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CASE REPORT
Year : 2009  |  Volume : 57  |  Issue : 6  |  Page : 792-795

Endoscopic diagnosis of a pineal papillary glioneuronal tumor with extensive ventricular involvement: Case report with review of literature


Department of Pathology and Neurosurgery, CSM (erstwhile King George's) Medical University, Lucknow - 226 003, India

Date of Acceptance27-Feb-2009
Date of Web Publication30-Jan-2010

Correspondence Address:
Nuzhat Husain
Department of Pathology, CSM (erstwhile King George's) Medical University, Lucknow - 226 003
India
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Source of Support: None, Conflict of Interest: None


DOI: 10.4103/0028-3886.59481

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 » Abstract 

Papillary glioneuronal tumor (PGNT) is a newly described mixed glioneuronal tumor, recently included in the World Health Organization classification of central nervous system tumors. We report morphologic and immunohistochemical characteristics PGNT of the pineal region extending into the third and lateral ventricles in a four-year-old male child and reviewed all the cases reported in the international literature till date. In this child the diagnosis of PGNT was established by endoscopic biopsy and squash smear examination.


Keywords: Endoscopic, glioma, glioneuronal, pineal, papillary


How to cite this article:
Husain N, Husain M. Endoscopic diagnosis of a pineal papillary glioneuronal tumor with extensive ventricular involvement: Case report with review of literature. Neurol India 2009;57:792-5

How to cite this URL:
Husain N, Husain M. Endoscopic diagnosis of a pineal papillary glioneuronal tumor with extensive ventricular involvement: Case report with review of literature. Neurol India [serial online] 2009 [cited 2019 May 24];57:792-5. Available from: http://www.neurologyindia.com/text.asp?2009/57/6/792/59481



 » Introduction Top


Papillary glioneuronal tumor (PGNT) is a mixed glioneuronal tumor, recently included in the World Heath Organization (WHO) classification of central nervous system (CNS) tumors. Till date approximately 39 cases of PGNTs have been reported in the international literature. [1],[2],[3],[4],[5],[6],[7],[8],[9],[10],[11],[12],[13],[14],[15],[16],[17],[18],[19] Credit for the first description of PGNT is given to Komori et al. who first described a series of nine cases in 1998. [2] The tumor has been assigned a WHO grade I, however aggressive variants have been reported. [9],[18],[19] We report morphological and immunohistochemical characteristics of PGNT in ventricular location diagnosed by endoscopic biopsy and squash smear.


 » Case Report Top


A four-year-old male child was admitted with symptoms of severe headache and projectile vomiting of ten days duration. Neurological examination showed bilateral papilledema and otherwise neurological and physical examination was unremarkable. Hematological and biochemical parameters were within normal limits. Contrast computed tomography (CT) scan showed a large enhancing mass lesion with cystic components in the pineal region with extension into third ventricle and both foramina of Monro and also into the trigone of left lateral ventricle with obstructive hydrocephalus [Figure 1]a and b. The patient was subjected to endoscopic biopsy of the tumor. At the same sitting he had septostomy and a ventriculoperitoneal shunt for the relief of hydrocephalus. Postoperatively, the patient had uneventful recovery. He was relieved of physical symptoms. The patient's guardians refused resection surgery, No radiotherapy or chemotherapy was initiated and he was discharged with an advice to come for regular follow up.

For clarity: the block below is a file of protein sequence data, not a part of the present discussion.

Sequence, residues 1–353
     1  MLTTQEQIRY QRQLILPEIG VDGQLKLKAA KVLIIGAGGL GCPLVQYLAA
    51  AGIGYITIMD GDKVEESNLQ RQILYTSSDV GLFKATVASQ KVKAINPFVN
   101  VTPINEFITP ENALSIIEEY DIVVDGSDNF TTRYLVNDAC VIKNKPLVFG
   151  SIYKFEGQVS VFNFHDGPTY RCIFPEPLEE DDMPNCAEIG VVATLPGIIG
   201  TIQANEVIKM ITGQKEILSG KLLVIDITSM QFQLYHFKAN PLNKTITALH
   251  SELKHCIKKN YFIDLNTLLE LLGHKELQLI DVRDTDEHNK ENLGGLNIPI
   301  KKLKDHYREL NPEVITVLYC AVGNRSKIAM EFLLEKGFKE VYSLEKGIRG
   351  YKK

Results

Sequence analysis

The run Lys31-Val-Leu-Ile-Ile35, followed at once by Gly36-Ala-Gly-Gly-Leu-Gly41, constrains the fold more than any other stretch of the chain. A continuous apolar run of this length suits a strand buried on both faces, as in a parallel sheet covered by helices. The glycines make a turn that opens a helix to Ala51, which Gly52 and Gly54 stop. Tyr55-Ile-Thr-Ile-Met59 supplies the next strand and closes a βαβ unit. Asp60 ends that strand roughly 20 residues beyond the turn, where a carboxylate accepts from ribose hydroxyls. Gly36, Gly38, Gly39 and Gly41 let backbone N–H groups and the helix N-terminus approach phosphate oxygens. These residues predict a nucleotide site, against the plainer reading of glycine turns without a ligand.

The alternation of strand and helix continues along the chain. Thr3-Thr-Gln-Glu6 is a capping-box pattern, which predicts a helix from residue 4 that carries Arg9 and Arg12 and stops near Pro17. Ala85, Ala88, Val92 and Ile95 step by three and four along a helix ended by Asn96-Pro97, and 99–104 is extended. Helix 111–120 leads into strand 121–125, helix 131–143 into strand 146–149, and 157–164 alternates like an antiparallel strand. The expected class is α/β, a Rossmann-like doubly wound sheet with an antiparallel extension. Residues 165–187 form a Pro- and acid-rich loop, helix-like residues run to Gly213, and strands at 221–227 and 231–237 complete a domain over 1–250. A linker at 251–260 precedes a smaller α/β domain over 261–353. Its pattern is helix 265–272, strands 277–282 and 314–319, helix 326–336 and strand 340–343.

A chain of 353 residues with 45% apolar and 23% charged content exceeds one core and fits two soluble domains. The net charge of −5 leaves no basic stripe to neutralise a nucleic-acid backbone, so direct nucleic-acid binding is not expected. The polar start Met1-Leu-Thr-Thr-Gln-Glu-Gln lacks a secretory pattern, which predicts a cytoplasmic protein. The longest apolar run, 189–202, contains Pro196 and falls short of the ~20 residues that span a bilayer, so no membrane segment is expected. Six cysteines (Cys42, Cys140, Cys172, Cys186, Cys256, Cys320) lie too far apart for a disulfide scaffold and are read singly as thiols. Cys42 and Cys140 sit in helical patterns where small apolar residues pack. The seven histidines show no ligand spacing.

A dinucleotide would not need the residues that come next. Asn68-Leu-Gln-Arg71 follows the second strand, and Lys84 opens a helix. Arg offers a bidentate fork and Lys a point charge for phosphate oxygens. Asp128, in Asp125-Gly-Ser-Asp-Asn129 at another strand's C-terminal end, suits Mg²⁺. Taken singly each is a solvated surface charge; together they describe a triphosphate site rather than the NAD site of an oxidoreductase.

Histological studies

Endoscopic biopsy from the tumor was processed in alcohol-fixed squash smears as well as paraffin-embedded formalin-fixed sections. The tumor irrigation fluid was collected along with the ventricular cerebrospinal fluid (CSF). Cytology smears were made from centrifuged fluid and stained with Giemsa and H and E stains. Paraffin sections from tumor biopsy were stained with H and E and immunohistochemical detection of antigen expression including glial fibrilary acidic protein (GFAP), neuron specific enolase (NSE), synaptophysin, epithelial membrane antigen (EMA), cytokeratin, NeuN, and proliferating cell nuclear antigen (PCNA) was done. All antibodies were obtained from Dakopatts, Denmark, except NeuN which was purchased from Chemicon International, USA. Detection was done with secondary LSAB 2 Kit (Dakopatts, Denmark), using DAB as substrate.

H and E stained squash smears showed a papillary tumor with perivascular rosettes and intervening loose myxoid tissue [Figure 2]a. Alcian blue and periodic acid Schiff's stains were negative for presence of perivascular mucin. The cells showed moderate degree of nuclear pleomorphism with perivascular cells showing dense hyperchromatic nuclei while cells at the periphery had speckled chromatin [Figure 2]b and c. Smears of postoperative CSF and irrigation fluid also showed clusters of similar ells.

Histological examination of the tissue revealed pseudopapillary structures with central hyalinized vessels and perivascular cell palisades positive for GFAP expression. Intervening regions showed sheets of loosely arranged cells. These cells showed round nuclei with speckled chromatin and were diffusely positive in immunohistochemistry for synaptophysin and NSE stains. Mature neuronal elements were not evident. The tumor displayed moderate cellularity and was devoid of necrosis, microvascular proliferation, mitoses, and calcification. Both cytokeratin and EMA showed focal weak expression in perivascular location. NeuN, a marker for primitive neuronal cells, was expressed in fair number of cells in the interpapillary zone. The tumor proliferation index was low with <1% expression of PCNA.